“Hmm,” I thought, “agility” and I signed him up for an intro class. What is agility? It is a dog sport that rewards speed and precision as a dog runs through tunnels, trots through ladder rungs, bends his body back and forth through a line of poles, leaps jumps, runs up ramps and holds himself steady on boards that are actually a dog form of a teeter totter.

This, I thought, would be a mystery for River, a mystery to me because I would be bringing him into a world unknown to both of us.

Our teacher, Amy, a full-bodied girl with long hair and a star sapphire on one of her ring fingers She is an emergency technician with the fire department. Amy is laissez-faire and she doesn’t miss a trick when you are in her gaze.

The first night we sat in a circle without our dogs and she demonstrated with her nearly all black Aussie how to teach your dog to touch the palm of your hand with his nose. She said, “No voice, just the clicker and instant treats.” She recommended Zukes mini treats and handed each of us a clicker with the Breakaway Action Dogs logo on it. Mine was red and yellow. She taught us: Click and as soon as the dog looks, a treat. And then she taught us to reward the dog for even an accidental nose touch to the palm: click and treat.

I went home to teach River and he showed me a trick I had forgotten he ever knew. Every time I held out my palm, he raised his corresponding paw and reached it towards my hand. I lost my breath and nearly began to cry, but I didn’t because it would have been the wrong response. River was delighting in showing me a trick that he had had no occasion to use since Liz’s death. My hand gestures had brought forth a game he and Liz used to play, her palm, his high five.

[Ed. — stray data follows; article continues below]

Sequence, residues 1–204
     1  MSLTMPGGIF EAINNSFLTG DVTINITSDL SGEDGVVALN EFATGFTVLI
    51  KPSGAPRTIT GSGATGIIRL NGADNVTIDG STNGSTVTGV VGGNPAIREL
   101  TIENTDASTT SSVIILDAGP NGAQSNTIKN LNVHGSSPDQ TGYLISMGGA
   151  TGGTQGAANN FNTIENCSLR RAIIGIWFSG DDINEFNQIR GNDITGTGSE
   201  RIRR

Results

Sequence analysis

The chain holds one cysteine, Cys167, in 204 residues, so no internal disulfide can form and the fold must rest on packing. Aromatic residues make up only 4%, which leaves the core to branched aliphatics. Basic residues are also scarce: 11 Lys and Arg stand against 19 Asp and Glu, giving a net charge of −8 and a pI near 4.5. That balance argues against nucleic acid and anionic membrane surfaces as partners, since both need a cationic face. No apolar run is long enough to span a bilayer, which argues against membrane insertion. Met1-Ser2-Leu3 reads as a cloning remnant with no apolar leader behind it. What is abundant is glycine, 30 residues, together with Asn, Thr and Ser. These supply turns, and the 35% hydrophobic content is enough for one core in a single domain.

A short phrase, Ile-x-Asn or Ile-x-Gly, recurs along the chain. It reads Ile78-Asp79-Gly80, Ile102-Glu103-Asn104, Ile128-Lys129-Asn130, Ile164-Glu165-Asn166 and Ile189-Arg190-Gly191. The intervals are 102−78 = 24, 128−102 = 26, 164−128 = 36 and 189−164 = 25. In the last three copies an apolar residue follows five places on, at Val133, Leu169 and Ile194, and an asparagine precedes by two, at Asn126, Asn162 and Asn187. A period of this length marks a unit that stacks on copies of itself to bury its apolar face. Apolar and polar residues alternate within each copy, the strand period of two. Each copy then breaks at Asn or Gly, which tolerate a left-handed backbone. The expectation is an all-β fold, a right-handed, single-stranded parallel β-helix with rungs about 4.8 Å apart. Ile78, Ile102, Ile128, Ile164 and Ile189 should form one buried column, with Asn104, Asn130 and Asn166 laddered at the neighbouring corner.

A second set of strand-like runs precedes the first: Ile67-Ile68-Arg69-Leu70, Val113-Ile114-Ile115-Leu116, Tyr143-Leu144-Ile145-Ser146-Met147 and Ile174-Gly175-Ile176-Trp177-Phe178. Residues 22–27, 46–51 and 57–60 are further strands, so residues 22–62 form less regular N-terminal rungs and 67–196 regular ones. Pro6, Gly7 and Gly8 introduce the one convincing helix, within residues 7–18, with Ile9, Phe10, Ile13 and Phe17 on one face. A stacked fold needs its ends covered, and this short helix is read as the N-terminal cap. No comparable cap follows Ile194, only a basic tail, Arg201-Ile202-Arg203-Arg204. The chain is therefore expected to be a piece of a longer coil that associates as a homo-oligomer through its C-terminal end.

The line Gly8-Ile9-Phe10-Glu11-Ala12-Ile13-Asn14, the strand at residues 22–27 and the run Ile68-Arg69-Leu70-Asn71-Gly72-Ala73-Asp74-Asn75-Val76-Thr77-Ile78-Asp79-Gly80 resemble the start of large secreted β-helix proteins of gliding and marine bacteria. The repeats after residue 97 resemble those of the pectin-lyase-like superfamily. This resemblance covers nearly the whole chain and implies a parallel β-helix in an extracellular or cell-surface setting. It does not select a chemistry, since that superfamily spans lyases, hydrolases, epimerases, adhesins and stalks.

River and Me: III

“Love. . . is a high inducement

Rainer Maria Rilke

Letters to a Young Poet

“Love. . . is a high inducement for the individual to ripen, to become something in himself, to become world, to become world in himself for the sake of another person…”

sometimes for the sake of a dog, sometimes for the sake of a client, sometimes for the sake of the lost husband, sometimes for the sake of two daughters, one living, one dead and sometimes, for the dead daughter’s dog.

It comes round, doesn’t it?

For the sake of the dog means wondering why, now, he is licking the fur of the joint just above his paw?

It means taking him to agility.

It means losing 59 of my nearly 64 years as I rocket across the floor, mindless and full of joy, calling out: “River, River, River!!!” as he dashes to catch me and then I, to clasp, to clap and leap with him and then trot back to the starting line, out of breath.